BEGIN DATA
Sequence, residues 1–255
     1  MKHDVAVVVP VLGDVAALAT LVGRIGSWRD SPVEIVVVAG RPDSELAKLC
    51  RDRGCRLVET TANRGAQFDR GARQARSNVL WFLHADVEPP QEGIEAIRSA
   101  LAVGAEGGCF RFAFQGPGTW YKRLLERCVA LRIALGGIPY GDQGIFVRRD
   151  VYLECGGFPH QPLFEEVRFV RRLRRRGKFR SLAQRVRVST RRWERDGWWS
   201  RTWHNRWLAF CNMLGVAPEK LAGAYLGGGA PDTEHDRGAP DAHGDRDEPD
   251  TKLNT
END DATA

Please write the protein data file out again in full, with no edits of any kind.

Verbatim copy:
Sequence, residues 1–255
     1  MKHDVAVVVP VLGDVAALAT LVGRIGSWRD SPVEIVVVAG RPDSELAKLC
    51  RDRGCRLVET TANRGAQFDR GARQARSNVL WFLHADVEPP QEGIEAIRSA
   101  LAVGAEGGCF RFAFQGPGTW YKRLLERCVA LRIALGGIPY GDQGIFVRRD
   151  VYLECGGFPH QPLFEEVRFV RRLRRRGKFR SLAQRVRVST RRWERDGWWS
   201  RTWHNRWLAF CNMLGVAPEK LAGAYLGGGA PDTEHDRGAP DAHGDRDEPD
   251  TKLNT